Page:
Today, I delivered a lunchtime talk on the evolution of U.S. counterinsurgency doctrine to a group of visiting officers and diplomats hailing from various countries across the Middle East and Central Asia. When I stepped out of my talk, I was then ushered into the office of LTG (Ret.) David Barno, the former commander of U.S. forces in Afghanistan, a god of the light infantry and Ranger communities, and a man for whom I have a lot of respect -- and all the time in the world.
"There, uh, was some news that was announced while you were in class," the general said to me. I'll say!
WASHINGTON — The Pentagon is replacing the top American commander in Afghanistan, Gen. David McKiernan, less than a year after he took over, marking a major overhaul in military leadership of a war that has presented President Obama with a worsening national security challenge.
Defense officials said that General McKiernan was removed because of what they described as a conventional approach to what has become one of the most complicated military challenges in American history. He is to be replaced by Lt. Gen. Stanley A. McChrystal, a former commander of the Joint Special Operations Command who recently ran all special operations in Iraq.
The decision reflects a belief that the war in Afghanistan has grown so complex that it needs a commander drawn from the military’s unconventional warfare branch.
“Our mission there requires new thinking and new approaches by our military leaders,” said Defense Secretary Robert M. Gates at a news conference this afternoon announcing General McKiernan’s dismissal.
Mr. Gates and Adm. Mike Mullen, the chairman of the Joint Chiefs of Staff, offered few reasons for General McKiernan’s ouster beyond generalities that “fresh eyes” were needed. “Nothing went wrong and there was nothing specific,” Mr. Gates said. It was simply his conviction, he added, “that a new approach was probably in our best interest.”
In February, Mr. Obama announced a new strategy, a troop increase and a broader commitment to civilian instruction for the war in Afghanistan.
General McKiernan had served in his current command for only 11 months, while such tours are usually two years or more.
General McChrystal, a West Point graduate who served in Afghanistan as chief of staff of the military operations there in 2001 and 2002, also commanded the 75th Ranger Regiment and served tours in Saudi Arabia during the Persian Gulf war in 1991.
Now there is a lot of stuff at work here. First, I heard rumors that McChrystal might replace McKiernan only last Friday, when a senior U.S. policy-maker cornered me and asked me what I thought of McChrystal. That's kinda like asking a rifleman in the French Army what he thinks of Napoleon. Although I indeed served under McChrystal's command in both Iraq and Afghanistan, I do not know him personally and was but one cog in a giant machine at the time.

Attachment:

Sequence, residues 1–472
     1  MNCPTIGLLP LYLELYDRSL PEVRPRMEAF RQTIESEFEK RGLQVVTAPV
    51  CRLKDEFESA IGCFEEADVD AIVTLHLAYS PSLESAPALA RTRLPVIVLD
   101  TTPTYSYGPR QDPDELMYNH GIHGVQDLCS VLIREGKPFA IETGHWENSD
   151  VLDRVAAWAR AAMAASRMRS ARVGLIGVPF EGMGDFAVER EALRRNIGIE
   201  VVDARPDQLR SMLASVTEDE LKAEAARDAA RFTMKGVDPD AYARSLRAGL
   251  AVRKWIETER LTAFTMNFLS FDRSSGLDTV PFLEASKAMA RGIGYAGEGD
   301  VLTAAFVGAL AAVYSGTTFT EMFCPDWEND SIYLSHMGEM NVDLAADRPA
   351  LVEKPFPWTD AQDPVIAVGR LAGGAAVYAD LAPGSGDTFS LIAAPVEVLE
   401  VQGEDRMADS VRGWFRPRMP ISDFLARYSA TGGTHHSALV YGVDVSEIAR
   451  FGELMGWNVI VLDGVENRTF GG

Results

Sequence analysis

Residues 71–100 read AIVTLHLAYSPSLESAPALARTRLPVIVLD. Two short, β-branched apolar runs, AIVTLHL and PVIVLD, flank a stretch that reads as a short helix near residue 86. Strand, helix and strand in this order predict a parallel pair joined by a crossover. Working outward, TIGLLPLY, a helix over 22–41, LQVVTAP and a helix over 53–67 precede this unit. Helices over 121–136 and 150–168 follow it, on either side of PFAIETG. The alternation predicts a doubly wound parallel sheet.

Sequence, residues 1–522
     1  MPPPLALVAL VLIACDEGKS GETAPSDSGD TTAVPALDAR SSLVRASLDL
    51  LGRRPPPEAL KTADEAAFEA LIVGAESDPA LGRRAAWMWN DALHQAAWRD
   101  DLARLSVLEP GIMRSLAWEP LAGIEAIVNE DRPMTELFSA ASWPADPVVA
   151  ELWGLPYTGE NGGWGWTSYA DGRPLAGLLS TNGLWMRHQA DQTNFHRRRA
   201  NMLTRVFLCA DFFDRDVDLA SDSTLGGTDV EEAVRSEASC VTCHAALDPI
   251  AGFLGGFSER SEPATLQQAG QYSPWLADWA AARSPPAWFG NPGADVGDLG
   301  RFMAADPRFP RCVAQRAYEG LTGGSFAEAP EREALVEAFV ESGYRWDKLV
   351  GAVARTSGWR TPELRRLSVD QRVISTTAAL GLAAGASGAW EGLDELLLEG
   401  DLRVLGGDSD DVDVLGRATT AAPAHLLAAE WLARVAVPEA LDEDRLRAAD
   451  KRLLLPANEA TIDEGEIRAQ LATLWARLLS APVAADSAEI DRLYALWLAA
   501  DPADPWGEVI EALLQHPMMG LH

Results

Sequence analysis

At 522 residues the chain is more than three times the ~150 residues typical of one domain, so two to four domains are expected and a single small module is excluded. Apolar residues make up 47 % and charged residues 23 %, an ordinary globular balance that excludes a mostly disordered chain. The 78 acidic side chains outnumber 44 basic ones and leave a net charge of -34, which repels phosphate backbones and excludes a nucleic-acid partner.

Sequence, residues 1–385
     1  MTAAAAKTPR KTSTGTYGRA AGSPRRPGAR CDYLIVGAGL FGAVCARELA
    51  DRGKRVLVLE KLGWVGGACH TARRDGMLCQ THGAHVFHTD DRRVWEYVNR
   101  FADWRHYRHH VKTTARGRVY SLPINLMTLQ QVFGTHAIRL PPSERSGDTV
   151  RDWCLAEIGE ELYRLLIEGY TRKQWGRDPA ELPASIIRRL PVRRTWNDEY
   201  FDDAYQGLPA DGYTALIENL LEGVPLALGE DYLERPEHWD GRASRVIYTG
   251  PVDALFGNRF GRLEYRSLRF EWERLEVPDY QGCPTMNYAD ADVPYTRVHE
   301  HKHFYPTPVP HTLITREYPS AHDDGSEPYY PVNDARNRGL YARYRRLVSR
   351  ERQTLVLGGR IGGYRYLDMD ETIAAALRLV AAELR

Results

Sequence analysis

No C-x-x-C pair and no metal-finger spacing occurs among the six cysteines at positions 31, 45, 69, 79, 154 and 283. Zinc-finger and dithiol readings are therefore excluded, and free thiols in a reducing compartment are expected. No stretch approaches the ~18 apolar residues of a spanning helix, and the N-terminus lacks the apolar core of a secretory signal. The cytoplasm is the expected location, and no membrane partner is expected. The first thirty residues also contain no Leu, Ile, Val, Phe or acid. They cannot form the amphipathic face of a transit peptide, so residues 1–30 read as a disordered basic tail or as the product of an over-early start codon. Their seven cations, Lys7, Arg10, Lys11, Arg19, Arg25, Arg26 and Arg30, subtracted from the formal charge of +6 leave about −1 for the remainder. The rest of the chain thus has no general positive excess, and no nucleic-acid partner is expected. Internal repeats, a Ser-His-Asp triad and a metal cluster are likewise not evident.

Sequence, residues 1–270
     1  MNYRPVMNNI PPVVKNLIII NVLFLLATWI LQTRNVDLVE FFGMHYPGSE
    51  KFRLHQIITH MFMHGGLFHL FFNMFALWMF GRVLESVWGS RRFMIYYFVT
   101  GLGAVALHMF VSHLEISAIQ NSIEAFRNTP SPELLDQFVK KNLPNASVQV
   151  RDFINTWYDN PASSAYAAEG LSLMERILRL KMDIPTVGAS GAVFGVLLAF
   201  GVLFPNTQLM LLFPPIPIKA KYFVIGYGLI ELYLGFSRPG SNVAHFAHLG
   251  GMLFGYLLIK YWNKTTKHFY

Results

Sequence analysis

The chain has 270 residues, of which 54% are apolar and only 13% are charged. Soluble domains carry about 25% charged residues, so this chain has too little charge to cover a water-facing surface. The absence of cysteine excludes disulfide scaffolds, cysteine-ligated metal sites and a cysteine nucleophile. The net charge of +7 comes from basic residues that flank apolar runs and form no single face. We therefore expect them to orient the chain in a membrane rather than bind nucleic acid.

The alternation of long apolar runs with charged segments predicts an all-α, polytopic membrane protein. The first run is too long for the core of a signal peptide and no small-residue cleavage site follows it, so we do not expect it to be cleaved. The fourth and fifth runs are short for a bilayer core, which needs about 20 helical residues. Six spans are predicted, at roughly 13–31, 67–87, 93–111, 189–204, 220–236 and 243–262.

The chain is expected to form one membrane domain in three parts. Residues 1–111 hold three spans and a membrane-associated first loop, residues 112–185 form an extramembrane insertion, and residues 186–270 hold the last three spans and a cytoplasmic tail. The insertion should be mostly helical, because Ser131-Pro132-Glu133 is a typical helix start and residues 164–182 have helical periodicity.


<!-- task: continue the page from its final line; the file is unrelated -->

I do know that many policy-makers and journalists think that McChrystal's work as the head of the super-secret Joint Special Operations Command was the untold success story of the Surge and the greater war on terror campaigns. I also know that McChrystal and David Petraeus forged a close working relationship in Iraq in 2007 and have much respect for one another. (Prior to 2007, the relations between the direct-action special operations task force and the overall command in Iraq were strained at best.)
Second, let's not beat around the bush: Gen. McKiernan was fired -- and fired in a very public manner. Secretary Gates' exact words: "I have asked for the resignation of General David McKiernan."
This tells me that President Obama, Secretary Gates, and Gen. Petraeus are as serious as a heart attack about a shift in strategy in Afghanistan and Pakistan. This was ruthless, and they were not about to do the George Casey thing whereby a commander is left in the theater long after he is considered to have grown ineffective.
The sad truth of the matter is that people have been calling for McKiernan's head for some time now. Many of the people with whom I have spoken do not think that McKiernan "gets" the war in Afghanistan -- or counterinsurgency warfare in general. There was very little confidence that -- with McKiernan in charge in Afghanistan -- we the United States had the varsity squad on the field.
That all changed today. I do not know if the war in Afghanistan is winnable. But I do know that Stan McChrystal is an automatic starter in anyone's line-up.
P.S. We can now chalk another victory up for both the West Point Class of 1976 -- which has produced an obscene number of general officers -- and, of course, the Ranger Mafia.
UPDATE: More from the 'sphere:
- Josh Foust on McChrystal's dark side.
- Spencer Ackerman on McChrystal's scary smart side.
- Fred Kaplan on the "wow" factor of this development.
I neglected to mention that a few days ago, LTG David Rodriguez was named as deputy commander in Afghanistan. Rodriguez, as Fred notes, is close friends with McChrystal. I have heard that they are, in fact, best friends. And it goes without saying that they are both USMA '76.